An 18 month-old Muslim child was murdered on the West Bank. Allegedly (for now) by Jewish/Israeli extremists. His name was Ali Dawabshe. His father, Saad, and mother, Reham, might yet die from their injuries, too.
Six people were stabbed at a gay-rights rally in Jerusalem by an “ultra-Orthodox” assailant. One 16-year-old young woman later died. Her name was Shira Banki.
I have always wanted the Muslim world to speak out against its own terrorists. Or at least, their terrorism.
Today, I must speak out against ours.
To cause the death of innocent, unprotected civilians — or even of non-combatant soldiers — is murder. Let us not call it anything else.
The world is silent at the death of Jews, because they don’t call it “murder.” Instead, it becomes wrapped in high-sounding rhetoric, in which the killer becomes a “hero”; a “martyr.”
Such silence demeans life itself.
We, as Jews, must not — must never — do the same.
Those who kill are not “martyrs.” They are not “ultra-Orthodox.”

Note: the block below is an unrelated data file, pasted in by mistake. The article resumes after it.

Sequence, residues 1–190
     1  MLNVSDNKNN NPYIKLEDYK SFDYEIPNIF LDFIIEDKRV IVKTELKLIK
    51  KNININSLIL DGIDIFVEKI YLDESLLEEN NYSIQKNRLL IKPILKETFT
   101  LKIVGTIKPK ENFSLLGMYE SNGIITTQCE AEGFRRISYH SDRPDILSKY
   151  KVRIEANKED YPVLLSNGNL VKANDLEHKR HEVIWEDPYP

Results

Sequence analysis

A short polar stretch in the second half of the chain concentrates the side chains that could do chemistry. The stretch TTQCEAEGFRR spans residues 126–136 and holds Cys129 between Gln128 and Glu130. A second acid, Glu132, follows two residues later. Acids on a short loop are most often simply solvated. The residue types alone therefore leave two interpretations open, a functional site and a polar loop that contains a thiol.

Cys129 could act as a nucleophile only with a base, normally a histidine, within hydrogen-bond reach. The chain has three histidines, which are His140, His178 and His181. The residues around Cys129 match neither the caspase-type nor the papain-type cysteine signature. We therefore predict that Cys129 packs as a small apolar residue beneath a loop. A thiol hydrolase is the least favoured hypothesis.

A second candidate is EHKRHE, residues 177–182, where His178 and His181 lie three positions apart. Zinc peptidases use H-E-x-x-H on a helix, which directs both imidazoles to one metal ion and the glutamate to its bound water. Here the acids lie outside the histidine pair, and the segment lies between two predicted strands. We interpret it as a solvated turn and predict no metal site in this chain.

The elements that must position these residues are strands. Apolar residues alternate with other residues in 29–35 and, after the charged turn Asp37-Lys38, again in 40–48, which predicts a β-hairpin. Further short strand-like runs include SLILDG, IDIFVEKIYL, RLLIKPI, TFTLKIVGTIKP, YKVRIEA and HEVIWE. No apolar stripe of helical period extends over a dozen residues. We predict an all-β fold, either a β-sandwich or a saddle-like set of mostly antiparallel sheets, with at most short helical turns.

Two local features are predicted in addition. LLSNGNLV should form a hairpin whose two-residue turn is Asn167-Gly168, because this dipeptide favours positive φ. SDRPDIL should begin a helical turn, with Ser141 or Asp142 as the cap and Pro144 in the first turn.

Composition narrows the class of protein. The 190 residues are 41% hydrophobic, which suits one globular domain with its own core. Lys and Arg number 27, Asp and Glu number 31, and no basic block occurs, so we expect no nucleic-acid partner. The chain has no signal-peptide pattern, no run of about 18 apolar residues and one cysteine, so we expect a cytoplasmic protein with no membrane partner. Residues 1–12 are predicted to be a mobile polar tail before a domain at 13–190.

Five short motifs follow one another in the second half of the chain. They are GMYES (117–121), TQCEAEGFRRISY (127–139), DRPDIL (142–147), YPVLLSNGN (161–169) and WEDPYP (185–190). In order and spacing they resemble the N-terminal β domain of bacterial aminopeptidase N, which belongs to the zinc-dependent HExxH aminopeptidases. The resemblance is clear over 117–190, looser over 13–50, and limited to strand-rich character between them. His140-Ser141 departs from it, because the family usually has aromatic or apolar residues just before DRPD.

They are murderers.
What’s more, they are cowards. They will always prefer to fight against someone who can’t fight them back. Even if it means their own eventual death.
That, I think, is what the world misses: These “terrorists,” like all bullies, are fundamentally weak people who will do anything for a sense of personal power. I have met people who talk this game. People who talk gladly about murdering or blowing things up. I don’t argue with them because underneath, it’s not about “right or wrong” for them. It’s about grand-standing. No discussion or conversation about it is acceptable to them (other than to agree with them). They speak with force, as if such intensity justifies them. Disagree with them once and you find yourself in a blazing argument.
I stay away from them as much as possible.
Murder is murder.
It is not “Orthodox.” It is not “Jewish” in any sense of the word that I have ever been taught or understood.
Murder is murder.
I reject it, without in any way denying Israel’s right to exist within secure borders.
I also believe that now is the essential time to reject this culturally, before it becomes a “normal” option in Israeli or Jewish life.
I am proud, though, of those in Israel who protest such murders:
We should each find a way to do the same. A peaceful way.